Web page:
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Minister of Education Speaks on the Future of Regional Testing

Minister of Education Francis Fonseca has called off the PSE and BJAT for the upcoming school year. Many anticipate that standardized tests will be done away with altogether. However, there are the CSEC and CAPE exams, which are regional. When we asked Minister of Youth Kevin Bernard about how he feels about these tests, he was a bit more circumspect, compared to his stance on the local exams.

Kevin Bernard, Minister of Youth, Sports and E Governance

Kevin Bernard, Minister of Youth, Sports and E Governance: “I believe that we have to look at it in all angles right because yes we are looking at it from our Belizean scope but if it’s required in the Caribbean then those students who want to further their studies in the Caribbean then they know that they will need to take that exam, they will need to excel they will need to do what they need to do but we must nurture our young people and not put fear in them in saying you know what if you don’t take this exam now you are not going to go into your high school or sixth form here in Belize but if you know you want to further your studies outside of the country then that’s a requirement then that should be part of the requirement. It’s not to say that –  our Caribbean brother institutions may likely start to think around the same route, we don’t know but for now in Belize I am saying if our young Belizean student needs to go from one level to the next that shouldn’t be a barrier to them that should be something that you look at what they do throughout the years, you make that assessment and then you give them the opportunity.”

Meanwhile, the Leader of the Opposition Shyne Barrow says that while education reforms are necessary, the system also has to meaningfully address the barriers that prevent students from succeeding.

Moses Shyne Barrow Leader of the Opposition

Moses “Shyne” Barrow: Leader of the Opposition: “I would defer to the experts. I don’t know what the experts are saying, what the educational experts are saying. I know there are some people that are against it and there are some people that may be for it. I am concerned that we don’t want to lower the standard of education I think that is something we have to be very careful about but where there are deficiencies in the current system then maybe we can find a way to correct it without lowering the standards because we want our children, we want our education system to be par with the highest global standards. I know Belize has produced some of the most brilliant minds, I know anybody that leaves Belize and goes to other nations usually they skip ahead because the Belize education system had always been such a high standard of excellence. So we have to be careful is all I’m saying. I don’t want us to just deregulate and move to a place where we’re not pushing because we need to push. Part of excellence, part of superiority and getting to new levels, unlocking new levels is a push, there is pressure in that, pressure makes diamonds so I just think that we need to be careful that we don’t altogether erase a high standard for our education system. But I am open to what the experts have to say and open to reform. I think we can always create a better system but that system must include a high standard of excellence and then we as a government, we as stakeholders need to do what we need to do to ensure that our children are prepared, to ensure that our children have the tools and the resources that they need in order to meet that high standard. It is not to bring the standard down because we’re failing in other social areas which prevent our children from being able to participate on that high level so we have to look at all of that. So removing the standard, removing the requirements that you have to work hard, you have to study hard, you have to give your all so that you can reach this certain level again I’m not saying now, I’m not saying yes I’m saying reform is always welcomed and so we need to be able to do it in a way where we keep high standards but maybe we remove certain road blocks.”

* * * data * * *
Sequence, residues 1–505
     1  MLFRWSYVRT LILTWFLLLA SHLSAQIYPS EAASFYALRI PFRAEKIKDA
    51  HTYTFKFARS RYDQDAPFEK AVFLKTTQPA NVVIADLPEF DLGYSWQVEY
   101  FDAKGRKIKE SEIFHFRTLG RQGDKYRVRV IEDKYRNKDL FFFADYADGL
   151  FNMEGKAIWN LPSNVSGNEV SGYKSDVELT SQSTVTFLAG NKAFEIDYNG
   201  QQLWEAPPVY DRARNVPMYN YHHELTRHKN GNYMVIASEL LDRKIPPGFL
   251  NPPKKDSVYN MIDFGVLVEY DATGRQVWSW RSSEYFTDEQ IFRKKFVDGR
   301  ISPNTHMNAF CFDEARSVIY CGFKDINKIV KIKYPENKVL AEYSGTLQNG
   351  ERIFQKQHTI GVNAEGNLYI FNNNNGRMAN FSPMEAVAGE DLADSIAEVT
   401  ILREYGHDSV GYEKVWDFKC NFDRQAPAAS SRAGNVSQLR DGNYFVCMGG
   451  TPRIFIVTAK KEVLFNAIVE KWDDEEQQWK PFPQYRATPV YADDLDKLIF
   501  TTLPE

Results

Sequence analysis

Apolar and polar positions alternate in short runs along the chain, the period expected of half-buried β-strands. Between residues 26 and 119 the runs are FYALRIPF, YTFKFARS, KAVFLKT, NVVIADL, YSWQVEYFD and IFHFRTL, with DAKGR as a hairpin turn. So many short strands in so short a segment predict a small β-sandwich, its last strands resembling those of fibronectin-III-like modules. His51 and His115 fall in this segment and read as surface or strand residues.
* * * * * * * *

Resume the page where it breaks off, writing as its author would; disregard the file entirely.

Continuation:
As part of system reforms, Minister of State Doctor Louis Zabaneh has called for thirty minutes of homework for primary school students and an hour for high schoolers.